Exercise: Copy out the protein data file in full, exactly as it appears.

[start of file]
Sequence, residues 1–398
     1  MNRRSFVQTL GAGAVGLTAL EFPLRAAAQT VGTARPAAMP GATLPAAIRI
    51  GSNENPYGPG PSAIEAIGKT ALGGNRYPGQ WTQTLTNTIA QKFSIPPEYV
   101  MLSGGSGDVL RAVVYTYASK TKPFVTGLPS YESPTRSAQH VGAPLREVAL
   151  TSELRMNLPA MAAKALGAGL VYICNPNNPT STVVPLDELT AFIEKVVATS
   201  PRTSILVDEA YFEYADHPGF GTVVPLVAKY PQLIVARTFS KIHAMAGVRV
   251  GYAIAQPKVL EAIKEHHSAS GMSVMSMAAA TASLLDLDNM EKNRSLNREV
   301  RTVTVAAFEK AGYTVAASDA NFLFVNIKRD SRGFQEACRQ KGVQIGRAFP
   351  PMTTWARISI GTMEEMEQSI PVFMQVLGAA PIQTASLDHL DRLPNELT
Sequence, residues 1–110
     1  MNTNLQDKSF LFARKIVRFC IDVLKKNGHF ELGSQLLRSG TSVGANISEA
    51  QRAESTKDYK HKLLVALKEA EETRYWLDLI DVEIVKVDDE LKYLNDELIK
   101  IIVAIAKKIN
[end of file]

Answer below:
Sequence, residues 1–398
     1  MNRRSFVQTL GAGAVGLTAL EFPLRAAAQT VGTARPAAMP GATLPAAIRI
    51  GSNENPYGPG PSAIEAIGKT ALGGNRYPGQ WTQTLTNTIA QKFSIPPEYV
   101  MLSGGSGDVL RAVVYTYASK TKPFVTGLPS YESPTRSAQH VGAPLREVAL
   151  TSELRMNLPA MAAKALGAGL VYICNPNNPT STVVPLDELT AFIEKVVATS
   201  PRTSILVDEA YFEYADHPGF GTVVPLVAKY PQLIVARTFS KIHAMAGVRV
   251  GYAIAQPKVL EAIKEHHSAS GMSVMSMAAA TASLLDLDNM EKNRSLNREV
   301  RTVTVAAFEK AGYTVAASDA NFLFVNIKRD SRGFQEACRQ KGVQIGRAFP
   351  PMTTWARISI GTMEEMEQSI PVFMQVLGAA PIQTASLDHL DRLPNELT
Sequence, residues 1–110
     1  MNTNLQDKSF LFARKIVRFC IDVLKKNGHF ELGSQLLRSG TSVGANISEA
    51  QRAESTKDYK HKLLVALKEA EETRYWLDLI DVEIVKVDDE LKYLNDELIK
   101  IIVAIAKKIN